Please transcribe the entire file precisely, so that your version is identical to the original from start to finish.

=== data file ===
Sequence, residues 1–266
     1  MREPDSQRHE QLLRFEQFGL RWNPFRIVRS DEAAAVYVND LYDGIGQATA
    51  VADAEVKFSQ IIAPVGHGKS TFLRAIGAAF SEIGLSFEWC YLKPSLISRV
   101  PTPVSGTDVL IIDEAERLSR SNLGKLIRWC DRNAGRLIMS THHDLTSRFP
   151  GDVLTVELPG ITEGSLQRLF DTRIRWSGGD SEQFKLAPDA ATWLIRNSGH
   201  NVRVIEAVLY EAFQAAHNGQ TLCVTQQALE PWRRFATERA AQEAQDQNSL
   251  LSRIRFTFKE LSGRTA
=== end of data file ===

Sequence, residues 1–266
     1  MREPDSQRHE QLLRFEQFGL RWNPFRIVRS DEAAAVYVND LYDGIGQATA
    51  VADAEVKFSQ IIAPVGHGKS TFLRAIGAAF SEIGLSFEWC YLKPSLISRV
   101  PTPVSGTDVL IIDEAERLSR SNLGKLIRWC DRNAGRLIMS THHDLTSRFP
   151  GDVLTVELPG ITEGSLQRLF DTRIRWSGGD SEQFKLAPDA ATWLIRNSGH
   201  NVRVIEAVLY EAFQAAHNGQ TLCVTQQALE PWRRFATERA AQEAQDQNSL
   251  LSRIRFTFKE LSGRTA